Party campaigners are joining union picket lines, defending government frame-up victims and discussing questions confronting working people — from whether coal should be used to provide electrification in Asia to the need for unionization and how workers can fight against unemployment and low wages.
They find serious receptivity among workers who are looking at presidential candidates Donald Trump and Bernie Sanders, and others who don’t support any candidate. The Socialist Workers Party presents what none of the capitalist candidates do — what the working class itself is capable of and must do to fight independently of the bosses and their political representatives.
The next two weeks will be a period of concentrated campaigning for the party, leading up to a June 16-18 Active Workers Conference in Oberlin, Ohio.
The Socialist Workers Party got a good response in Murfreesboro and Smyrna, Tennessee, where Nissan’s non-union assembly plant employs more than 8,000 workers.
“All the companies say we make too much, but it’s not easy for a single mother to support four kids on $10.50 an hour,” Allyson Gainor, who works at a Nissan parts plant, told Sam Manuel, SWP candidate for U.S. Senate in Georgia, as she signed to put Kennedy and Hart on the ballot.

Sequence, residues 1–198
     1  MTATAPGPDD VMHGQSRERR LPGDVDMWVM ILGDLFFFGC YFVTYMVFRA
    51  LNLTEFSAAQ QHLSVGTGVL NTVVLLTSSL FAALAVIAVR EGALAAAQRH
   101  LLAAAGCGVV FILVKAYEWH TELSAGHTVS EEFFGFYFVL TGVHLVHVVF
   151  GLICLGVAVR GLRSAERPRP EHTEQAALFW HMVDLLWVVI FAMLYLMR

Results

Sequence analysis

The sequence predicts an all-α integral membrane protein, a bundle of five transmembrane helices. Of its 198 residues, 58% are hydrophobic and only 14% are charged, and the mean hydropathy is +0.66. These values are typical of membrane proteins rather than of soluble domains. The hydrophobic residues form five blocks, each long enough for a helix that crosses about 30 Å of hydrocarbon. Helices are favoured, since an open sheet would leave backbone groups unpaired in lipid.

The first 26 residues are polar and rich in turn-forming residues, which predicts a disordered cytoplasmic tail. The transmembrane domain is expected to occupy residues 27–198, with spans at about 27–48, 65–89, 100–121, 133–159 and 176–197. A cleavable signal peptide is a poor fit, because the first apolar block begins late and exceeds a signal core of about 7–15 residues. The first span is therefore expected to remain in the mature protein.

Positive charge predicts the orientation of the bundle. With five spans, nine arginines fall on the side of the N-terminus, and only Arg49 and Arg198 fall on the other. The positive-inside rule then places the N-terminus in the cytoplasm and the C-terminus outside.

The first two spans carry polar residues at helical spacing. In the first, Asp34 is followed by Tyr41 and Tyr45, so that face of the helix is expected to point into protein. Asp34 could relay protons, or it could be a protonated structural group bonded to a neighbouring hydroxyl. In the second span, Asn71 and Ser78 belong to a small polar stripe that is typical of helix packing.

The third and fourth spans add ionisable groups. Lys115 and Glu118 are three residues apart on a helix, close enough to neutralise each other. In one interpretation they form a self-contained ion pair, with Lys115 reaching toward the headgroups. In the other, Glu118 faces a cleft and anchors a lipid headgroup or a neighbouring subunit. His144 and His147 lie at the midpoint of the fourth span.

The number of nonunion auto plants has increased and the auto bosses have pressed concessions on workers in union-organized plants.
“The more working-class people can come together, get rid of divisions among us, the more we gain power,” Chris Daniels, an assembler at Hennessey Industries and member of United Auto Workers Local 2303, told SWP campaigner Joanne Murphy. “There’s a lot more of us than them.”
In the first two days of Tennessee campaigning 90 people signed petitions, out of the goal of 500, to put the party on the ballot, and nine subscribed to the Militant.
Party campaigners spoke with unionists and others on their doorsteps in Longview, Washington, May 28. Members of the International Longshore and Warehouse Union and the Association of Western Pulp and Paper Workers there have fought bitter battles against company lockouts and concession demands. Many homes display the unions’ signs.